Monday, January 2, 2012

My Mission For 2012

 As the new year starts I want to re-state my mission as a doll maker. This helps me to stay true to what I love to do.  I enjoy sewing by hand, I love the feel and look of natural fabrics, I am an avid history buff, especially our early American pioneer history. Those three things brought me to cloth doll making. The pioneer cloth doll made at home was intended to be a toy for a child.  It would have been made with the best sewing skills and made for someone special, so when I make a doll I think of it in the same way as my ancestors.  A doll should be played with, dressed and undressed, hugged, told secrets & be a child's friend.  Every time I make a doll I sincerely hope it gets played with.  Even when one of my dolls is purchased by an adult collector, I suspect their inner child "plays" with that doll!  Some of my dolls have a "mildly" aged look accomplished by using PG Tips, my husbands favorite English tea, it's natural and not harmful to children.   My dolls are "new" American pioneer dolls made the old fashioned way.   I hope they become naturally aged by the process of play, and eventually become a treasured family heirloom.

In the new year I would like to focus on making more Butternuts. They don't represent individuals from my local history but are more reflective of the simple doll probably made by the Ozark pioneers. 

I have a few ideas for Little Missouri, she's eight years old now, and will be taking on more responsibility around the homestead.  She will be getting a new best friend, Leander Kathryn  Butternut.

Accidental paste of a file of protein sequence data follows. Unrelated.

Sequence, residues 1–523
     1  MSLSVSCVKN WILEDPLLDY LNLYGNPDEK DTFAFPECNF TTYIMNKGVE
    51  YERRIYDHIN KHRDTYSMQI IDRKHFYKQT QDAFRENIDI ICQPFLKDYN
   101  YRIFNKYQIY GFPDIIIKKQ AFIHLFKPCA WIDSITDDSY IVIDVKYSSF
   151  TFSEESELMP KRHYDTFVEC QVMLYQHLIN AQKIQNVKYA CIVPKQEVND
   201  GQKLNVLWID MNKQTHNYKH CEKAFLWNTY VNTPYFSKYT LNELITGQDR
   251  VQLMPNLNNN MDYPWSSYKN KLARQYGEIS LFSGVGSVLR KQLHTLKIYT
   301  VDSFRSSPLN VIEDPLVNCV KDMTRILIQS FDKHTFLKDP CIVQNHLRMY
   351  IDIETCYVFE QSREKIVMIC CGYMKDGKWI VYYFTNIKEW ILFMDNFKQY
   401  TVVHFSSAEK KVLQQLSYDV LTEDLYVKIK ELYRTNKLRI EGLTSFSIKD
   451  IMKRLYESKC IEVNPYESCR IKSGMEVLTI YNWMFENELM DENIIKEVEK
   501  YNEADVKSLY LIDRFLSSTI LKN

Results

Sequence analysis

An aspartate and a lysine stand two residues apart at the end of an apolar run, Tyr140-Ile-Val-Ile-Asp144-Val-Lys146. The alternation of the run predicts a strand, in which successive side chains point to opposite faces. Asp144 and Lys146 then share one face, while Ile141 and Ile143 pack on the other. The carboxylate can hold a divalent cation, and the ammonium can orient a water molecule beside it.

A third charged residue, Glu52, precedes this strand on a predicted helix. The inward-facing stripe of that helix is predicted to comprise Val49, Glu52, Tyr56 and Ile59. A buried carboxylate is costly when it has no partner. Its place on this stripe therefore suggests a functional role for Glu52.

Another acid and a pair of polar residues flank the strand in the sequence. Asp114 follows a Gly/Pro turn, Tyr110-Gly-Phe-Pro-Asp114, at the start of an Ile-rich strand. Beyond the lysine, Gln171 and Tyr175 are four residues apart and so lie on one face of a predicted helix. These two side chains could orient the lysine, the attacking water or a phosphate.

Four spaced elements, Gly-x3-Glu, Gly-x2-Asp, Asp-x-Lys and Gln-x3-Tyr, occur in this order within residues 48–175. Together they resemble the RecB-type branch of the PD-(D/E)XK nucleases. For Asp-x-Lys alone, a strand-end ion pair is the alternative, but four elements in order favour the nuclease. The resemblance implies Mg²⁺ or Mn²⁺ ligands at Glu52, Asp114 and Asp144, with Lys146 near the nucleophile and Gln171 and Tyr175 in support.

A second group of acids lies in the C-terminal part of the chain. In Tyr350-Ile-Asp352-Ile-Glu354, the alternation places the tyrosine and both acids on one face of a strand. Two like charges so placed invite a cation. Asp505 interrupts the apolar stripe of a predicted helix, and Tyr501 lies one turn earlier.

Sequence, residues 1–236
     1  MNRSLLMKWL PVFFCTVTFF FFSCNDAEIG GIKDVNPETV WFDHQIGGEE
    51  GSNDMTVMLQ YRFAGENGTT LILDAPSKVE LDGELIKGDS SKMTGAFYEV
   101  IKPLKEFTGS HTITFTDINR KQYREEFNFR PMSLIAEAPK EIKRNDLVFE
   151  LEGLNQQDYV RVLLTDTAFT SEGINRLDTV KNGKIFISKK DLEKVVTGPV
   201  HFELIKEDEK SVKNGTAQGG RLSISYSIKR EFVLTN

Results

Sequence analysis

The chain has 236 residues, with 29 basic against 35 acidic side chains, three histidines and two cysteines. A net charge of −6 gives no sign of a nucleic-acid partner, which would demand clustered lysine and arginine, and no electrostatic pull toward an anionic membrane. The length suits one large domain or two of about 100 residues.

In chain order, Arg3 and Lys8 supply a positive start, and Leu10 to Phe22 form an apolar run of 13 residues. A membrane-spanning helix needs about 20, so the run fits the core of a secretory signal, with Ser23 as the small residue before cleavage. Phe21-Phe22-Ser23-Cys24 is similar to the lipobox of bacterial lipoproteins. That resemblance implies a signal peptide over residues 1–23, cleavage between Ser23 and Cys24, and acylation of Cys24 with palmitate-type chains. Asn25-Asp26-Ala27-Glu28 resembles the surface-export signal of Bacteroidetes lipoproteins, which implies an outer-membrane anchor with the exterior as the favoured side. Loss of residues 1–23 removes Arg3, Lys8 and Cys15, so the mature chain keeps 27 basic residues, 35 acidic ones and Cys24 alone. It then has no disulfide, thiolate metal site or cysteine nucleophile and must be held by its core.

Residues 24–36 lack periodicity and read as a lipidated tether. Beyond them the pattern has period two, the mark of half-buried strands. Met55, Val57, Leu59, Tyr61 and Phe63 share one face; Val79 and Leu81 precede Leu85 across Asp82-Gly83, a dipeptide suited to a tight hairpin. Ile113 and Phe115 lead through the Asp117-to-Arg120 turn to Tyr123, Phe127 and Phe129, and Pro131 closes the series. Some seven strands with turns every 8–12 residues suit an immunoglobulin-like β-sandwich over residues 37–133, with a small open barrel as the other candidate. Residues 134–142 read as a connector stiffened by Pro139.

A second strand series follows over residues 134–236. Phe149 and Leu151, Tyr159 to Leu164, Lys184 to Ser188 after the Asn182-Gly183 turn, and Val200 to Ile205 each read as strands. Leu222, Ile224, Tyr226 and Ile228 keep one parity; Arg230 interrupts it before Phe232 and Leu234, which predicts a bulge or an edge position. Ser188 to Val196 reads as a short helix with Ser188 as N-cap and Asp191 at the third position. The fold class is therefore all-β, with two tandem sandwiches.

I would like to have more posts on how I make my dolls, sewing techniques, etc.

I am also giving some thought  to making a couple of Father Christmas d

"Make Do Dolls"
The doll of and Ozark pioneer child would have been made at home by the loving hands of a  Mother, Grandmother or favored Aunt. As unique and creative as the imagination and sewing skill of the maker, these dolls were fine examples of a pioneer woman’s ability to “make do” with the few materials at hand. To my knowledge none of these early Ozark dolls survived the loving attention of their little owners nor the passage of time.............

Like the pioneers I sew my dolls by hand. All that you see on the doll and their clothing is sewn by hand with needle and thread and are my own design. I use 1800's reproduction print fabrics, linen, muslin, cotton and wool. Buttons are antique or vintage bone, shell or wood. Lace and shawls are hand crocheted or vintage finds. Hair is wool or wool yarn & sometimes they have no hair at all! They are stuffed with wool roving. All clothing is removable with hook and eye or tie string closures.  Dolls that have an aged look are tea stained with PG Tips tea, natural and not harmful to children.  Each doll comes with a special wooden tag and is signed and dated on the body.

Thanks to every one that has visited my new blog!!!!!
  I love to hear from you.

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